Lockdown to spell disaster for thousands of pubs, restaurants and shops

Joanna Partridge and Rob Davies
Photograph: David Levene/The Guardian

The coronavirus pandemic is expected to lead to the demise of thousands of restaurants, pubs, shopping chains and other high street businesses, despite the government offering unprecedented financial support and changing insolvency rules to give companies more time to pay debts.

The nationwide lockdown has already forced the permanent closure of almost all branches of the restaurant chains Carluccio’s and Chiquito. Other big restaurant groups, pubs and shopping chains have warned that they could collapse if the government extends the self-isolation conditions beyond the initial three-week period.

The fashion chain Monsoon Accessorize said on Sunday it had been badly affected by the outbreak and was looking at a range of options. One is a sale of the business, which is being explored by restructuring experts at FRP Advisory, raising fears for the future of the chain’s 3,500 employees.

The number of people visiting the high street has decreased by three-quarters since the government ordered non-key workers to venture out of their homes only to buy food, for other essential services, or for daily exercise.

The retail intelligence firm Springboard said footfall last Tuesday – the first day of the lockdown – was down 75.4% compared with the same day in 2019. “The annual decline in UK footfall on Tuesday 24 March was the most severe on any day since the start of the coronavirus outbreak, but it was still less than in both Italy and the US,” said Diane Wehrle, marketing and insights director of Springboard.

Pressure on retailers was underlined by analysts at Goldman Sachs, who predicted that clothing and homeware sales at Marks & Spencer could fall by 60% in the three months to the end of June. The credit rating agency Standard & Poor’s has cut its assessment of M&S’s long-term debt from BBB to BB+, a grade that is often referred to as “junk” debt.

The downturn comes as new figures showed that pub and restaurant businesses were already under severe pressure before the coronavirus struck the UK.

More than 1,400 restaurant businesses and at least 500 pub businesses collapsed into insolvency last year, according to the accountancy group UHY Hacker Young. The number of collapses in 2019 was 10% higher than in 2018, and included high-profile names such as Jamie Oliver’s UK restaurant empire.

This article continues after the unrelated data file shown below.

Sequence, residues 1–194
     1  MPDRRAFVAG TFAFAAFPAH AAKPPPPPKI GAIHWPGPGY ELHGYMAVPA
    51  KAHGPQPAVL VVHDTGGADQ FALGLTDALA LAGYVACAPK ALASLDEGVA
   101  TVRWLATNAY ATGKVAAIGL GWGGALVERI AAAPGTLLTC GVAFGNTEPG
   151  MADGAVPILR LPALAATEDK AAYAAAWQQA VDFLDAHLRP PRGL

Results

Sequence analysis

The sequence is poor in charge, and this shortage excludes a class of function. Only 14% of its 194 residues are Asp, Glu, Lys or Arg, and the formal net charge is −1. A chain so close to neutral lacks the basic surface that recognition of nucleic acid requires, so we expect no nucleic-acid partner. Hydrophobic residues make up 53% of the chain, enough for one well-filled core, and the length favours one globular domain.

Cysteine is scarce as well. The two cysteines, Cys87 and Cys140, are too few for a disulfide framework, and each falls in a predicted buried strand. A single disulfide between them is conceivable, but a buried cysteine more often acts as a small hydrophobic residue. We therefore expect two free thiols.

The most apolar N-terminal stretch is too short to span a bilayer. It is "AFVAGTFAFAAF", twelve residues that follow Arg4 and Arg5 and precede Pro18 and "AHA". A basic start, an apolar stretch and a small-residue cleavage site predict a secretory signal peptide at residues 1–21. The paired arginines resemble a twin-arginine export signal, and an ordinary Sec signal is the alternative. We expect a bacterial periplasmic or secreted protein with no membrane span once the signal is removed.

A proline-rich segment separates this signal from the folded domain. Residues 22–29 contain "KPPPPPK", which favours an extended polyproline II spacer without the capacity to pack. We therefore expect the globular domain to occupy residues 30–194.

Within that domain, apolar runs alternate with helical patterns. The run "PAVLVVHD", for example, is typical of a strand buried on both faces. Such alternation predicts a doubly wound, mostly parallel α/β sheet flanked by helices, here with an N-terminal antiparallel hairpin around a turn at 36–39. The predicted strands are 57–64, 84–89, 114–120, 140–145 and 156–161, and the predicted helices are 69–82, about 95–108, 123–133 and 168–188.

Peter Kubik, a partner at UHY Hacker Young, said restaurant chains were likely to be the hardest hit from the coronavirus crisis. “Most other businesses can shift their staff to home working or sell through the internet. Clearly that is not possible for pubs,” he said.

The Restaurant Group has said the majority of its Chiquito restaurants will not reopen when movement restrictions are lifted, and nor will its 11 London-based Food & Fuel pubs, leading to the loss of 1,500 jobs.

The group, which also owns Wagamama and Frankie & Benny’s, has previously blamed falling sales for the decision to close more than 100 of its outlets. The company is run by Andy Hornby, who was chief executive of HBOS during the 2008 financial crisis when the bank had to be rescued by Lloyds TSB.

The Italian restaurant chain Carluccio’s is understood to be preparing to file for administration. The restructuring specialist FRP Advisory confirmed it was working with the chain, which has 73 sites and about 2,000 employees.

Fred Diamond, a consumer analyst at GlobalData, said the outlook for the restaurant and pub sector looked increasingly bleak. “As people adjust to isolation by making their home as comfortable as possible, street retailers will have an even harder time convincing people to leave their living rooms. The restaurant sector will, by the end of this, have fewer stores and less cash,” Diamond said.